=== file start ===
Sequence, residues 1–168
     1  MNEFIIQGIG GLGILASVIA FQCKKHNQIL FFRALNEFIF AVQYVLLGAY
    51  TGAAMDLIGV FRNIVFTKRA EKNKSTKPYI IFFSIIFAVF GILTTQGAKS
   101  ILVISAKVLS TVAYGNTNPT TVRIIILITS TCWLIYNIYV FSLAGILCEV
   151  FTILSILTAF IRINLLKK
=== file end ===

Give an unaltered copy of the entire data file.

Sequence, residues 1–168
     1  MNEFIIQGIG GLGILASVIA FQCKKHNQIL FFRALNEFIF AVQYVLLGAY
    51  TGAAMDLIGV FRNIVFTKRA EKNKSTKPYI IFFSIIFAVF GILTTQGAKS
   101  ILVISAKVLS TVAYGNTNPT TVRIIILITS TCWLIYNIYV FSLAGILCEV
   151  FTILSILTAF IRINLLKK